Rare earth elements (REEs) are commercially used in an increasing number of critical or widely popular consumer and industrial products. Neodymium (Nd) element has emerged in recent years as one of the most critical REE, due to risks associated with its security of supply at required amounts. It has been widely reported that end of life (EoL) consumer electrical products contain significant amounts of metals and plastics. Thus, recovery of Nd from magnet scraps, EoL appliances or industrial applications is gaining even more strategic importance nowadays. In this study, an ex-ante life cycle assessment (LCA) of the hydrometallurgical recovery of Nd from waste electric and electronic equipment (WEEE) was conducted. The hydrometallurgical Nd recovery route consists of pretreatment, chemical leaching and Nd metal precipitation The feasibility and environmental performance of Nd metal recycling experiment model was investigated with an LCA scenario focusing on neodymium-iron-boron (Nd-Fe-B) magnet production. The LCA results were compared to that due to Nd-Fe-B magnet production from bastnäsite/monazite mineral ores using the traditional sintered magnet route. LCA sensitivity analysis and cost analysis were also performed. It was found out that, from both an economical and environmental point of view, magnet production from recovered Nd performed better than that of virgin magnet production. The scaled-up Nd metal recovery system reduced environmental impacts of Nd-Fe-B magnet production system by up to 65% for eight of the eleven environmental impact categories. Nd recycling reduced production cost from 8.55 to 3.98 USD/kg.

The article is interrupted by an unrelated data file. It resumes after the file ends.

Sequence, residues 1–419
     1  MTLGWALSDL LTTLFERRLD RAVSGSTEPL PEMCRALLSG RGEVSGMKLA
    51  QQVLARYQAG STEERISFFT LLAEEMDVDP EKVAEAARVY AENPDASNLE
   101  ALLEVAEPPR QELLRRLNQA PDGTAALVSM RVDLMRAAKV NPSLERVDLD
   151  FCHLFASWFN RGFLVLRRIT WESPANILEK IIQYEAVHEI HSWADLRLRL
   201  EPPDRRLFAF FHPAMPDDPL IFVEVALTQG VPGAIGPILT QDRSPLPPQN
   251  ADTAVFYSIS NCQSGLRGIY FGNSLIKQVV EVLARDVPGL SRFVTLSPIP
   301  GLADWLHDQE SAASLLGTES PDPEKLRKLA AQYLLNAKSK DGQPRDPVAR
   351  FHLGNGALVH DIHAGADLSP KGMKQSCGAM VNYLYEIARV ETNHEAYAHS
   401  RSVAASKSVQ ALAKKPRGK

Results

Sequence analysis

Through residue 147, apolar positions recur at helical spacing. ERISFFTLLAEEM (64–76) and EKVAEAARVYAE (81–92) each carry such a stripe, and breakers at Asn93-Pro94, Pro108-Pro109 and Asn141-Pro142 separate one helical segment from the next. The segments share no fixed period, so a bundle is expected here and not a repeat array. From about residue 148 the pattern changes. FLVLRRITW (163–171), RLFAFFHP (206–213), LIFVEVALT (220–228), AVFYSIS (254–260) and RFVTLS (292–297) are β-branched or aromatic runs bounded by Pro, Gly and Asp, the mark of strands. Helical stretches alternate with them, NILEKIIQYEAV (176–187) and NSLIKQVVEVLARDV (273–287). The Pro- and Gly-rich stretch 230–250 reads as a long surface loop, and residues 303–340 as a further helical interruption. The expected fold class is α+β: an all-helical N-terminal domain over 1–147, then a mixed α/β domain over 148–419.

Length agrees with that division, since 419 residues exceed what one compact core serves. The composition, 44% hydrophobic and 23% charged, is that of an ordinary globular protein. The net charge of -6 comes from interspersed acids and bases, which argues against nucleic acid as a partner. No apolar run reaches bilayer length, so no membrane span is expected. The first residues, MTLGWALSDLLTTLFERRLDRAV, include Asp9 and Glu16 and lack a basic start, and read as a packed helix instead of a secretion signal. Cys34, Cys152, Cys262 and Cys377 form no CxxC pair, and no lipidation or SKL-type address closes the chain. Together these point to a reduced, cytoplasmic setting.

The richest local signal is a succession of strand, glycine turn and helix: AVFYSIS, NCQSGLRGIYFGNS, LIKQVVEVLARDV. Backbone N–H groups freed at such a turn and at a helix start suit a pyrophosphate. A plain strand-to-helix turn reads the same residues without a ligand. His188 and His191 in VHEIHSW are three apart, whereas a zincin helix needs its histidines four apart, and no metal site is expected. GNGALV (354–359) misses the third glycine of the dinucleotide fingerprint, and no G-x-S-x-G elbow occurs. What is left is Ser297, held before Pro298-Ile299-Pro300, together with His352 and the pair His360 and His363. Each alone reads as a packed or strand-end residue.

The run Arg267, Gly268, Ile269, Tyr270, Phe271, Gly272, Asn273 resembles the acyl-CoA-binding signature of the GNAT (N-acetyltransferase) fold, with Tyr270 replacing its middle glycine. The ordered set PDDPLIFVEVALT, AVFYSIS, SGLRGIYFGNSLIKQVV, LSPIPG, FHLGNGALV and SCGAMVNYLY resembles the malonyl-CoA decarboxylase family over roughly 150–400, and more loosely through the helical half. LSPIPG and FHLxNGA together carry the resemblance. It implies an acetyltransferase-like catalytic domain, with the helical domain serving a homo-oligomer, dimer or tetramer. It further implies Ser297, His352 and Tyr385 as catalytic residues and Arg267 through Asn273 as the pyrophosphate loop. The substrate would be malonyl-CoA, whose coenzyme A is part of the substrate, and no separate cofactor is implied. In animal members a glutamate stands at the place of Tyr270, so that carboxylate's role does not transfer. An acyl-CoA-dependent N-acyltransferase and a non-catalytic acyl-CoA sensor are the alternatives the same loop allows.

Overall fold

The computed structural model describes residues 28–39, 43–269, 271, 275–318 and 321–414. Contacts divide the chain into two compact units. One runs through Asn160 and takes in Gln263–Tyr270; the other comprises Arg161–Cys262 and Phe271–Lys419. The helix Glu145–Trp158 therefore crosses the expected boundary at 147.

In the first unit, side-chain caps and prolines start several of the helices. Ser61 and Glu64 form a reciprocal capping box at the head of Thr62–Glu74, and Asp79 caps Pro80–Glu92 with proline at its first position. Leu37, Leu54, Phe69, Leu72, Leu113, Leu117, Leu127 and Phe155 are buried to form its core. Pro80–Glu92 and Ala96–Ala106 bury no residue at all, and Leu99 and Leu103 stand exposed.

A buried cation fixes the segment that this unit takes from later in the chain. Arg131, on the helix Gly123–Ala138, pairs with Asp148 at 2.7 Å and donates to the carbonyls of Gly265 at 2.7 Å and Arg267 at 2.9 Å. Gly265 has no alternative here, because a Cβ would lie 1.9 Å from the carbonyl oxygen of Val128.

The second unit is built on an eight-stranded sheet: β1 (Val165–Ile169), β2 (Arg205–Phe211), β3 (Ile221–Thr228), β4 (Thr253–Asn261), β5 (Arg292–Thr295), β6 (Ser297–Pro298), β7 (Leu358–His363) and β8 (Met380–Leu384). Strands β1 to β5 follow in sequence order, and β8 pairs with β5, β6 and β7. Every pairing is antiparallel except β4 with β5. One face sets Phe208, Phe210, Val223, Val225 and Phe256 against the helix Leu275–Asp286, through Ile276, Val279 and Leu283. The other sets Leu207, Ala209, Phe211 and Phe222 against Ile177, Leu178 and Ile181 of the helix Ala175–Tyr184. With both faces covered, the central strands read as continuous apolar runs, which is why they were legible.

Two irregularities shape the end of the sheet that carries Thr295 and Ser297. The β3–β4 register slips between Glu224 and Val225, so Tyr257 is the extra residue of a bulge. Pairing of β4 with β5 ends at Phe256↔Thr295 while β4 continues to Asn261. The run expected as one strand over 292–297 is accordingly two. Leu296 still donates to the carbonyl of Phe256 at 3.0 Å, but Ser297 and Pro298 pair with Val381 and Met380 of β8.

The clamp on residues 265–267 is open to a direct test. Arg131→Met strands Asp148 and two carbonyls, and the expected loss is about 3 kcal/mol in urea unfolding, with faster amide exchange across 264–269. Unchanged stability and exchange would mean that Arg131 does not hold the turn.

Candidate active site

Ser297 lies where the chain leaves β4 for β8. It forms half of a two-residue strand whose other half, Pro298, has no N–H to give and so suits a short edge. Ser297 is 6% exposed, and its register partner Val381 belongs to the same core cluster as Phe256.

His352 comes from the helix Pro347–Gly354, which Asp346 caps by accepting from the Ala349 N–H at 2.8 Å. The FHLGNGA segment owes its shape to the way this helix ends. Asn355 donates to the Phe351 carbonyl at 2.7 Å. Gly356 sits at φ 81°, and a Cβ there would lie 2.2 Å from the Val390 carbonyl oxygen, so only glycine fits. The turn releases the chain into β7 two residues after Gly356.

... Given the uncertainties in price, quality, quantity, and dependability of the materials, the research is increasing for REE recycling and this percentage will certainly rise. Companies such as Toyota, Honda, Hitachi, and Mitsubishi have announced REE recycling initiatives targeting as much as 10% of their REE consumption via recycled materials (Akahori et al., 2014; Golev et al., 2014 ). Further, there have been attempts to look at the recycling and remanufacturing of products incorporating REEs (Dent, 2012; Nagai and Uzawa, 2014; Tan et al., 2014). ...
... Recycling would further complicate the REE life cycle. The methods and processes for recycling would have to be evaluated, and a couple of LCA studies have been conducted on different routes of recovering Nd and Dy from magnets (Akahori et al., 2014; Sprecher et al., 2014). ...
Article
Full-text available
Rare earth elements (REEs) are a group of seventeen elements with similar chemical properties, including fifteen in the lanthanide group, yttrium, and scandium. Due to their unique physical and chemical properties REEs gain increasing importance in many new energy technologies and systems that contribute to reduce greenhouse gas emissions and fossil fuel depletion (e.g., wind turbine, electric vehicles, high efficiency lighting, batteries, and hydrogen storage). However, it is well known that production of REEs is far from environmentally sustainable as it requires significant material and energy consumption while generating large amounts of air/water emissions and solid waste. Although life cycle assessment (LCA) has been accepted as the most comprehensive approach to quantify the environmental sustainability of a product or process, to date, there have been only very limited LCA studies on the production of REEs. With the continual growth of renewable energy and energy efficient technologies, global production of REEs will increase. Therefore reducing environmental footprints of REE production becomes critical and identifying environmental hotspots based on a holistic and comprehensive assessment on environmental impacts serves as an important starting point. After providing an overview of LCA methodology and a high-level description of the major REE production routes used from 1990s to today, this paper reviews the published LCA studies on the production of REEs. To date, almost all the LCA studies are based on process information collected from the operation of Mountain Pass facility in U.S. in 1990s and the operation of facilities in Bayan Obo, China. Knowledge gaps are identified and future research efforts are suggested to advance understanding on environmental impacts of REE production from the life cycle perspective.